Example usage:

Ext.raise('Something bad happened!');

If raised from plain JavaScript code, the error will be logged to the console (if available) and the message displayed. In most cases however you'll be raising errors from within a class, and it may often be useful to add additional metadata about the error being raised. The raise method can also take a config object. In this form the msg attribute becomes the error description, and any other data added to the config gets added to the error object and, if the console is available, logged to the console for inspection.

Example usage:

Ext.define('Ext.Foo', {
    doSomething: function(option){
        if (someCondition === false) {
                msg: 'You cannot do that!',
                option: option,   // whatever was passed into the method
                'error code': 100 // other arbitrary info

If a console is available (that supports the console.dir function) you'll see console output like:

An error was raised with the following data:
option:         Object { foo: "bar"}
    foo:        "bar"
error code:     100
msg:            "You cannot do that!"
sourceClass:   "Ext.Foo"
sourceMethod:  "doSomething"

uncaught exception: You cannot do that!

As you can see, the error will report exactly where it was raised and will include as much information as the raising code can usefully provide.

If you want to handle all application errors globally you can simply override the static handle method and provide whatever handling logic you need. If the method returns true then the error is considered handled and will not be thrown to the browser. If anything but true is returned then the error will be thrown normally.

Example usage:

Ext.Error.handle = function(err) {
    if (err.someProperty == 'NotReallyAnError') {
        // maybe log something to the application here if applicable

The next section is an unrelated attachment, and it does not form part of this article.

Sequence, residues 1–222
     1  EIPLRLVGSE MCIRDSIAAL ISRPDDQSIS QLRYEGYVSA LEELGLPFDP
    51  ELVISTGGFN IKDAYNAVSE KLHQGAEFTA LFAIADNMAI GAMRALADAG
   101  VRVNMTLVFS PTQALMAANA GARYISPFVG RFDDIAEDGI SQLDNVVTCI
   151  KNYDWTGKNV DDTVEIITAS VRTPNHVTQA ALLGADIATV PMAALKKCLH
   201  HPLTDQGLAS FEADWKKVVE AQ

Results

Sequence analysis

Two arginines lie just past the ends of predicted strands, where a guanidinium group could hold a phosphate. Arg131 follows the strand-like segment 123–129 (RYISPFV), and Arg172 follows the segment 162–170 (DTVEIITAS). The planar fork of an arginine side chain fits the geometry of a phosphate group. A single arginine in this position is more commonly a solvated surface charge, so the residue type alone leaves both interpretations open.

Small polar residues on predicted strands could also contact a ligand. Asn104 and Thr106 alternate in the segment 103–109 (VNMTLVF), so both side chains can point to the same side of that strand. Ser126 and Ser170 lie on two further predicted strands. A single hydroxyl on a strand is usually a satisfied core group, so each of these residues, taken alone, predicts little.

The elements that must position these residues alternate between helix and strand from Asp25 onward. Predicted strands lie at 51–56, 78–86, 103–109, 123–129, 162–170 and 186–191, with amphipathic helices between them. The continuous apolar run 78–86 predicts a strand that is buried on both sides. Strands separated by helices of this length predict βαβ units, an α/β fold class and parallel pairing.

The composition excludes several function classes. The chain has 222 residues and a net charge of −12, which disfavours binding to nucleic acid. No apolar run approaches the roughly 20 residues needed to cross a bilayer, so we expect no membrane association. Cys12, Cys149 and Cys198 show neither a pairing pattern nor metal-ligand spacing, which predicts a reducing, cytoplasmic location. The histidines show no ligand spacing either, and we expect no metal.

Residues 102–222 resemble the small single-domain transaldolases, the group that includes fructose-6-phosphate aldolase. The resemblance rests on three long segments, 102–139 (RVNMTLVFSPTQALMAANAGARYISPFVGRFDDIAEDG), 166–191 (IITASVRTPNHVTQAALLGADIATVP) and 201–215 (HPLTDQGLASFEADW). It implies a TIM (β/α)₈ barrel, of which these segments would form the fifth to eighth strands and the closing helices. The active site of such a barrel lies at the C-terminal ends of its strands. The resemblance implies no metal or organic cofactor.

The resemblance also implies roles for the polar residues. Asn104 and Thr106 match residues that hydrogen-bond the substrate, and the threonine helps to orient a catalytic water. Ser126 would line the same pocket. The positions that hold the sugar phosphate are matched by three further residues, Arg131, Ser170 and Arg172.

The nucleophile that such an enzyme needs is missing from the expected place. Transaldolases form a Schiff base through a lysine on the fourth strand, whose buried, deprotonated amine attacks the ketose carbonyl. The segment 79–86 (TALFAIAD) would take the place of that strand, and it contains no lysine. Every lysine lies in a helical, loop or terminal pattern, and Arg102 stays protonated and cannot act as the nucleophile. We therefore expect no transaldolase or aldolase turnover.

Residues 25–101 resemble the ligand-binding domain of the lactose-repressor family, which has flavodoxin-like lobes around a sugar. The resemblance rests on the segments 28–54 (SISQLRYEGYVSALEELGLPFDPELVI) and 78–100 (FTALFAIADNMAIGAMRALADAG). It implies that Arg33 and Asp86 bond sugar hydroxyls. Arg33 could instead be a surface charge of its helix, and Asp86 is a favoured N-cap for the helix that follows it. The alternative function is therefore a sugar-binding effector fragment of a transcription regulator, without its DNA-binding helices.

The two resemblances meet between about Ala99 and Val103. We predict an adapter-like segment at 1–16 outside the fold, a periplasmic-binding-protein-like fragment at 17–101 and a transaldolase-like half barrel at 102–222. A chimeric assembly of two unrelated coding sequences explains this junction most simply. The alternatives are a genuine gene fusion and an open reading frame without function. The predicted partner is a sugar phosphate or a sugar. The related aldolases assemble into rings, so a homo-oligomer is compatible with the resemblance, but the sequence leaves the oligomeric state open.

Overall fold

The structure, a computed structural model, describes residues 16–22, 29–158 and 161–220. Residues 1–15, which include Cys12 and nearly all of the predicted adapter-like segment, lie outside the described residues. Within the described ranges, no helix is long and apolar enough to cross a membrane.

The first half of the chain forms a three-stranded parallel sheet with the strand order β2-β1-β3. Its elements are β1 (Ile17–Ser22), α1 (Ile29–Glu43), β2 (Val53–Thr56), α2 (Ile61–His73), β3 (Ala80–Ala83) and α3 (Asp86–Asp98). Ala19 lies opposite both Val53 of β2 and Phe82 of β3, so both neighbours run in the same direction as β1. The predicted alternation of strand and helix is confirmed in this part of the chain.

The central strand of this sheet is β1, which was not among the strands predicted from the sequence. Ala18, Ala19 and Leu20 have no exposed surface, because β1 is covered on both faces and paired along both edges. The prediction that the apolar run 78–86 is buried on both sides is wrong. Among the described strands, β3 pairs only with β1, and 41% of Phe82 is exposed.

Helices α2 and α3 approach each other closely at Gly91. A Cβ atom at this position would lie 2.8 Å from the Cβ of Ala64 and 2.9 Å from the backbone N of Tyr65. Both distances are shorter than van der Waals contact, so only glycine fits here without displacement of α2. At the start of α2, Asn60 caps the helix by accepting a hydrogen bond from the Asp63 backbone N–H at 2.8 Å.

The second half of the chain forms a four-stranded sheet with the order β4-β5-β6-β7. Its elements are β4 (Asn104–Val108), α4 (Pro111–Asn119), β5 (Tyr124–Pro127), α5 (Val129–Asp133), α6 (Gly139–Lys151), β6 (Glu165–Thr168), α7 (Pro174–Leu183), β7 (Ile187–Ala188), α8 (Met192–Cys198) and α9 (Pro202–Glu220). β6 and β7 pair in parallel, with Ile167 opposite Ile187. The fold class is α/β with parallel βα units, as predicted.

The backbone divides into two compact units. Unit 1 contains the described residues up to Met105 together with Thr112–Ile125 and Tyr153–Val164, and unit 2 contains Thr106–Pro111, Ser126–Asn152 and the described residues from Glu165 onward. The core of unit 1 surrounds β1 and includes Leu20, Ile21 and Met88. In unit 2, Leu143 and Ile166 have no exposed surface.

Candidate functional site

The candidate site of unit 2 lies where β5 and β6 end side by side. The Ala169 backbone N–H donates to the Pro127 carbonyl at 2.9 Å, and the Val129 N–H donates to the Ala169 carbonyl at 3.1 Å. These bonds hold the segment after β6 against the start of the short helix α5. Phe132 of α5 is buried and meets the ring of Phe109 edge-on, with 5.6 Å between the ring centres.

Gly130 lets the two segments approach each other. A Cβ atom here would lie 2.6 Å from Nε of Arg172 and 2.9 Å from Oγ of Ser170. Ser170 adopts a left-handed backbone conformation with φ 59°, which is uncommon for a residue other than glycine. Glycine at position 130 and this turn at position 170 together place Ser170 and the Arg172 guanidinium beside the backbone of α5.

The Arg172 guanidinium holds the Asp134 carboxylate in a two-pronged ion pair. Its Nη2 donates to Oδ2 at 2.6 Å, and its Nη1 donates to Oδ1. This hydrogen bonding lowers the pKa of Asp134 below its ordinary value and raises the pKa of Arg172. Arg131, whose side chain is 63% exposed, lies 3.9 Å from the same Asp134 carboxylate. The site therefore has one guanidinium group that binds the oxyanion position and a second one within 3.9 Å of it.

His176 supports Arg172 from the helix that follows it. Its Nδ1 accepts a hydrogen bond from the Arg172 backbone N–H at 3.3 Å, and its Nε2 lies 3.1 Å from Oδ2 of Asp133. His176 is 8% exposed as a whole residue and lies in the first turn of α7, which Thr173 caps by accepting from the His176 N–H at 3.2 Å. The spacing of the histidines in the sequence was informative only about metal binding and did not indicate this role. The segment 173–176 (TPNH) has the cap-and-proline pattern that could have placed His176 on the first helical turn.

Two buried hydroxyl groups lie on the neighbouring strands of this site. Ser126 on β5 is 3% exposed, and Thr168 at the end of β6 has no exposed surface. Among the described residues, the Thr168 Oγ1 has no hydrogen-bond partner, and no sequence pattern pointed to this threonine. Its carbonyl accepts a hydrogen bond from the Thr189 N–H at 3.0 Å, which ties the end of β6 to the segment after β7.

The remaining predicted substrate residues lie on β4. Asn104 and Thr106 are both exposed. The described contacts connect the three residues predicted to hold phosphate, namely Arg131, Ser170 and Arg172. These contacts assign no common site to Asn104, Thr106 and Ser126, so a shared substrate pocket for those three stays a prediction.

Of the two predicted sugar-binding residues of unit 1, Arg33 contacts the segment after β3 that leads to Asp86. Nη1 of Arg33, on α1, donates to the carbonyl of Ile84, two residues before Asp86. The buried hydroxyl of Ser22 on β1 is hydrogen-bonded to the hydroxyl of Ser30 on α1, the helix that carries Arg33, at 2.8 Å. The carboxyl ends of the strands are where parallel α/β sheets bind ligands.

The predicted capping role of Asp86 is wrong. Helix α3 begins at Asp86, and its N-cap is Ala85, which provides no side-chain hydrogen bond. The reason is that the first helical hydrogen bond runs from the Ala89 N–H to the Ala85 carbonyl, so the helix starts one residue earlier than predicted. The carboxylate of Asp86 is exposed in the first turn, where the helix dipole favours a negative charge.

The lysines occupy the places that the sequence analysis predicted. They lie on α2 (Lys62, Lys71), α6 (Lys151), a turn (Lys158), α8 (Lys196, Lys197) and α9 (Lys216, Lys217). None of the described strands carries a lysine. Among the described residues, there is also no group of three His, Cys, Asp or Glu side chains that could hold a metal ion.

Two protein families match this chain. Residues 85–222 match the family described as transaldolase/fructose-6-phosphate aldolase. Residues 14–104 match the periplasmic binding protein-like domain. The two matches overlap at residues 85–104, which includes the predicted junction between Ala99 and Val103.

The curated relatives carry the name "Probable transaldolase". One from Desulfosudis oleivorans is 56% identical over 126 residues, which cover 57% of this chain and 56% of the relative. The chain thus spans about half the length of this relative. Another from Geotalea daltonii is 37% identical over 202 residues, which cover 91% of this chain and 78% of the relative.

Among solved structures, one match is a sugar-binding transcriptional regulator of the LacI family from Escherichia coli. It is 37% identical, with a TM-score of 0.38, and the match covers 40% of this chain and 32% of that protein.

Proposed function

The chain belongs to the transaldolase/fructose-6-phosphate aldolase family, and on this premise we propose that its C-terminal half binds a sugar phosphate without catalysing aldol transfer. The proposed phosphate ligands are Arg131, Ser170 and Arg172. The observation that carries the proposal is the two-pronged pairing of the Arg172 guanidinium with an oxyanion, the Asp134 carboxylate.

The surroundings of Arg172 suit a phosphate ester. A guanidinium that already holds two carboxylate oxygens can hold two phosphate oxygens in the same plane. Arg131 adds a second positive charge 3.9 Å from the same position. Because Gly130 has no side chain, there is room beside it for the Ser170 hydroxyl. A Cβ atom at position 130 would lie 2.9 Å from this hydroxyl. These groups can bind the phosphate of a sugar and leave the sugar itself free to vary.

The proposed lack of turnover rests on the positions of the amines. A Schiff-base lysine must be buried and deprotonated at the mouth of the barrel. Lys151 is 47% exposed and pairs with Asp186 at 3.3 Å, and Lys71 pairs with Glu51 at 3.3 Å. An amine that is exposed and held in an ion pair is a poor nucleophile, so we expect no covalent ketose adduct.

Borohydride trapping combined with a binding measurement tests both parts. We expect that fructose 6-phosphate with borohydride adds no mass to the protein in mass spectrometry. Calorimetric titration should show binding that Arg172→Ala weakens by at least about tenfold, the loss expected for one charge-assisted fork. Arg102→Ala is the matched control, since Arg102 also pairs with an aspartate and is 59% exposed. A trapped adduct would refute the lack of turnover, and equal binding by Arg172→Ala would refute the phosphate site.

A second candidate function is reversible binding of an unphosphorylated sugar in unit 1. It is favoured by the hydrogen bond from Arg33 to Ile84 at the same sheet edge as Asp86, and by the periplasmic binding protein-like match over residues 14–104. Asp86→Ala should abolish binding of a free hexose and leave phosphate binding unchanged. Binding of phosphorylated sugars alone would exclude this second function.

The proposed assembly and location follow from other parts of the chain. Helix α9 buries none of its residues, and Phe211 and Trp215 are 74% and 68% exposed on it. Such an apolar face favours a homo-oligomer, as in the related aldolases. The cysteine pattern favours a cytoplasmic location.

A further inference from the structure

return true;
    // any non-true return value (including none) will cause the error to be thrown
No members found using the current filters


Static Properties

ignore : Boolean
static sta

Static flag that can be used to globally disable error reporting to the browser if set to true (defaults to false). Note that if you ignore Ext errors it's likely that some other code may fail and throw a native JavaScript error thereafter, so use with caution. In most cases it will probably be preferable to supply a custom error handling function instead.

Example usage:

Ext.Error.ignore = true;

Defaults to:



Static Methods

handle ( err )
static sta

Globally handle any Ext errors that may be raised, optionally providing custom logic to handle different errors individually. Return true from the function to bypass throwing the error to the browser, otherwise the error will be thrown and execution will halt.

Example usage:

Ext.Error.handle = function(err) {
    if (err.someProperty == 'NotReallyAnError') {
        // maybe log something to the application here if applicable
        return true;
    // any non-true return value (including none) will cause the error to be thrown


err :  Object

The error being raised. It will contain any attributes that were originally raised with it, plus properties about the method and class from which the error originated (if raised from a class that uses the Class System).

raise ( err )
deprecated dep static sta

This method is called internally by Ext#raise. Application code should call Ext#raise instead of calling this method directly.


err :  Object

Deprecated since version 6.0.0
Use Ext#raise instead.

Ext JS 6.0.1 - Modern Toolkit